Saturday, September 28, 2013

The Only Direction Now is UP

When you are down, the only direction now is UP.
You may be tired… but stay inspired to press on.
GET UP, procrastination is a thief.
STAND UP and shake off the worry, stress, and anger.
SPEAK UP about your requests and concerns.
CHEER UP and COUNT UP your blessings.
THINK UP this too shall pass.
GIVE UP the depression, sorrow, blame, shame and anger.
LIGHTEN UP enjoy each day, let go of fear and stress. Share your smile.
BOUNCE BACK UP from setbacks. Only the strong survive. Begin again wiser and stronger.
GROW UP take responsibility for your relationships, choices, and the quality of your life.
Do not play the "blame game." LIFT UP your head.
RISE UP early.
KEEP UP with your goals and education.
Get FIRED UP about your possibilities and purpose.
POLISH UP your gifts and talents.
CLEAN UP your surroundings and get rid of clutter.
SHAPE UP your health is your first wealth. Eat healthy, fresh foods, drink water and exercise.
SAVE UP for unexpected emergencies and your peace of mind.
REACH UP for guidance, mentoring and coaching.
SHOW UP be dependable and punctual for your appointments. 
HOOKUP with people who are on-the-grow. Your associations can determine your destination.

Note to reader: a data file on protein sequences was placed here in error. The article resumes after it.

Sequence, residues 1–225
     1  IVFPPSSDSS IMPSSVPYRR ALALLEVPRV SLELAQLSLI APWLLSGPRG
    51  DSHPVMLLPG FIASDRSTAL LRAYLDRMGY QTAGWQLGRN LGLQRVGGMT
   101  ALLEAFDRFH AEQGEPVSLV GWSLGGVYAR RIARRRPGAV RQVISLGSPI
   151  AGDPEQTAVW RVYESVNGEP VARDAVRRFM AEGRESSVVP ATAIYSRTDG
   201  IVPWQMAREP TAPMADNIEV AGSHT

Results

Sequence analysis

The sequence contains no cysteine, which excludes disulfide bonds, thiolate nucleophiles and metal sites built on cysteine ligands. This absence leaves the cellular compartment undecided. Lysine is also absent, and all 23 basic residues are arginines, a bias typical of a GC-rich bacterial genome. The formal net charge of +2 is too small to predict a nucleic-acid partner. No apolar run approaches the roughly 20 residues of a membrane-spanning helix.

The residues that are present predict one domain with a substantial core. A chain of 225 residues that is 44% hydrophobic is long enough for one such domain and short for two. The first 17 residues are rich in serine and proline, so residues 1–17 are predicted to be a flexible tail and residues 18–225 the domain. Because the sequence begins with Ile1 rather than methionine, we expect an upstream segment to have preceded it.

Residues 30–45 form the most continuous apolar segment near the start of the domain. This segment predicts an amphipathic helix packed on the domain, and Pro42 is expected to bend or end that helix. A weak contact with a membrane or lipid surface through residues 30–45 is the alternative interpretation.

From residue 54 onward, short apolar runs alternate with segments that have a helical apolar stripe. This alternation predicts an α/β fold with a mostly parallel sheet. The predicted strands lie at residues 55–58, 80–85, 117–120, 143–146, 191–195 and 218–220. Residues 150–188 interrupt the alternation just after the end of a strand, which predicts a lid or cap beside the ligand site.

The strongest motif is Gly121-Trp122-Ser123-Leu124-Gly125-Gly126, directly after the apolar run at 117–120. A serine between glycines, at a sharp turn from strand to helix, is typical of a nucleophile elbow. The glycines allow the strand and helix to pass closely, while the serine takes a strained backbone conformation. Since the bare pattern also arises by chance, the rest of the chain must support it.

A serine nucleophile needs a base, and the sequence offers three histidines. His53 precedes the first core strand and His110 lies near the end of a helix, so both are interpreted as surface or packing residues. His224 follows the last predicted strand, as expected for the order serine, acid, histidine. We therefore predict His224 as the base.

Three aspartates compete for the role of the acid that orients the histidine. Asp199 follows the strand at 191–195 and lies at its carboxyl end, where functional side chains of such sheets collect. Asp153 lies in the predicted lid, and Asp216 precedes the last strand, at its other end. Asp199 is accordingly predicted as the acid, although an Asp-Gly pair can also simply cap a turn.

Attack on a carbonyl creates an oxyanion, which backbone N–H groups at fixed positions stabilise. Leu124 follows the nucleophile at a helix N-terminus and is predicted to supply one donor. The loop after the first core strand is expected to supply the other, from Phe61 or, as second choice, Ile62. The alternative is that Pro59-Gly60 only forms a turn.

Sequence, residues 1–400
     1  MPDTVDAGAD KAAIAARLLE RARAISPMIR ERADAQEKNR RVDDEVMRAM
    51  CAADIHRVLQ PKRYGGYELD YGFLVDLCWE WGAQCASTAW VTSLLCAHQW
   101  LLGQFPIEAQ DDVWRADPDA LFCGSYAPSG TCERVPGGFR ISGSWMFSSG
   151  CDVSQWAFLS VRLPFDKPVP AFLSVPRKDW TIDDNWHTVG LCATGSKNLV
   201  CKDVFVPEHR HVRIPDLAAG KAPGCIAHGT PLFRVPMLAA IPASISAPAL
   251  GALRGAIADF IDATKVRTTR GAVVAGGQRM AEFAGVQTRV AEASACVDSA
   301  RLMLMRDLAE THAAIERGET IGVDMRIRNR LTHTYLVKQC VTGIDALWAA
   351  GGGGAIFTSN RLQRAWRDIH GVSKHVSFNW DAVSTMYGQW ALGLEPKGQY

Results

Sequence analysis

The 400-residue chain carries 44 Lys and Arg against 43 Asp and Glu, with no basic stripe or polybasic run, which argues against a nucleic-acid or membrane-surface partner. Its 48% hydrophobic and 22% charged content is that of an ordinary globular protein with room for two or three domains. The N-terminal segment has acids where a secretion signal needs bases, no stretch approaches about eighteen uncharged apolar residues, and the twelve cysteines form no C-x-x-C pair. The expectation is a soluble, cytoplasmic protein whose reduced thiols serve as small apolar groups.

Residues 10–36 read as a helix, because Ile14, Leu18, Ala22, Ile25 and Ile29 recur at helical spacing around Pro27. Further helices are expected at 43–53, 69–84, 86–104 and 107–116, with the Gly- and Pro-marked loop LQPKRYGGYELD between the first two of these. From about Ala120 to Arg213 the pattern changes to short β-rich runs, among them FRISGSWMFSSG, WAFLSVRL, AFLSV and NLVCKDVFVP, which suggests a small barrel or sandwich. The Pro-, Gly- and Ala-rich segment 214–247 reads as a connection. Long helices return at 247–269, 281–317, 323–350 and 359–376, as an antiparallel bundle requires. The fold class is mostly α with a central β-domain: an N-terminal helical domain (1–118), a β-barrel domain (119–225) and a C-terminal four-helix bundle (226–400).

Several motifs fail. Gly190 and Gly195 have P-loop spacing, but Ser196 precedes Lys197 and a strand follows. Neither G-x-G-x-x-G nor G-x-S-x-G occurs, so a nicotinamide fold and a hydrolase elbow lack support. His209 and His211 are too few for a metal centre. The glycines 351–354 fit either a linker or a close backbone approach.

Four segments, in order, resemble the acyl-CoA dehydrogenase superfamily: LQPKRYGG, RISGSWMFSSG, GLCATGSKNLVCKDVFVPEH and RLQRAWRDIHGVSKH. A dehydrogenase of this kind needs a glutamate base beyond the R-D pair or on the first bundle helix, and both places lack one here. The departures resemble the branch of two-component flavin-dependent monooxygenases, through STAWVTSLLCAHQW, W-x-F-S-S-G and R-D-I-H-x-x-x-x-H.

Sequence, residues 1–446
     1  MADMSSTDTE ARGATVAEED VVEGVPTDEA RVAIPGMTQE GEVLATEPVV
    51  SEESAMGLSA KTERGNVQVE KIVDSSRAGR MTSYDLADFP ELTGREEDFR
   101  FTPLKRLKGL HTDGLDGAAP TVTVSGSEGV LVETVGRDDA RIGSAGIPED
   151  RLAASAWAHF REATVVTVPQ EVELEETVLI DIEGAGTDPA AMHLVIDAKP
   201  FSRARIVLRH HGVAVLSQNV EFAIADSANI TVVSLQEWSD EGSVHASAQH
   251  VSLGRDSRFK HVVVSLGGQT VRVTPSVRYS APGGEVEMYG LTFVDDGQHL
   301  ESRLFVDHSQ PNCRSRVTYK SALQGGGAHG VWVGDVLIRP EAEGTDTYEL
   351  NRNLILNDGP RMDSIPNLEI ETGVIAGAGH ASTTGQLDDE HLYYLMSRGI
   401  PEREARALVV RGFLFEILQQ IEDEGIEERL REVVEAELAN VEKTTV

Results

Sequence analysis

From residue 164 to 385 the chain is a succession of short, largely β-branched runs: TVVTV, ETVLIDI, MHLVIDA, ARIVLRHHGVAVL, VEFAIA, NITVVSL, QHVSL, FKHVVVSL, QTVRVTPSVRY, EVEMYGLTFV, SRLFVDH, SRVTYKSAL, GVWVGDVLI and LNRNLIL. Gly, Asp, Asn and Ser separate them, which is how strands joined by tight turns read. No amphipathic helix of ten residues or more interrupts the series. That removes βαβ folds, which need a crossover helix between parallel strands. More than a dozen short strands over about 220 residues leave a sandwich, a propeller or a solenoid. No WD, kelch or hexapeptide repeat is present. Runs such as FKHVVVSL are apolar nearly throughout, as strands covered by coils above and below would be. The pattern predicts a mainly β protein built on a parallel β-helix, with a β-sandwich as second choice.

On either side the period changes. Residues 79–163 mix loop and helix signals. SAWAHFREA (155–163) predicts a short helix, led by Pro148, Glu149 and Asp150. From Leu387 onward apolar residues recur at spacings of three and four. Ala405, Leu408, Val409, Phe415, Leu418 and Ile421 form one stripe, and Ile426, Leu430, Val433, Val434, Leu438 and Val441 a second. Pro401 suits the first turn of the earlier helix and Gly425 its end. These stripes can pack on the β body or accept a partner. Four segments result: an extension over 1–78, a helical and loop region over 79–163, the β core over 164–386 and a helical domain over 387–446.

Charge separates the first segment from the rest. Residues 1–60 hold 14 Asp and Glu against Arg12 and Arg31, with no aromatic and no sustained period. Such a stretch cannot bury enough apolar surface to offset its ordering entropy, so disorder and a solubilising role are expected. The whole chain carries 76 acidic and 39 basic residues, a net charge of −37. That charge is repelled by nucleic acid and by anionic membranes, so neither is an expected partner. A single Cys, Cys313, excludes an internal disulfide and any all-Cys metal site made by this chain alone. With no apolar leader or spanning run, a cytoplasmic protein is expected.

BOOST UP your courage, self-esteem and confidence.
BUILD UP your ministry/acts of kindness/service to others.
FOLLOW UP on your tasks and your commitments.
MAKE UP your mind to stay focused.
Keep the main thing.. the MAIN THING' DON'T GIVE UP...anything is possible if you believe in yourself, and DO NOT GIVE UP.

by Jewel Diamond Taylor 1991

Wednesday, September 25, 2013

3 Rules For Being A Great Leader

by Anne Sweeney*

1. Show Up

Walk around the halls. Eat in the cafeteria. When you show up, it means you are paying attention. It means you want to make sure people know how their world connects to the bigger whole.
2. Hold Everyone Accountable For Each Other

We are stapled together. We live and die by each other's successes and failures.
3. Communicate as a Person, not simply as a Boss

Have a conversation.  Don't have it be a reporting relationship.

Friday, September 20, 2013

Taking Your Nonprofit to the Next Level

Size usually matters to organizations that don't have it.

by Jo Sullivan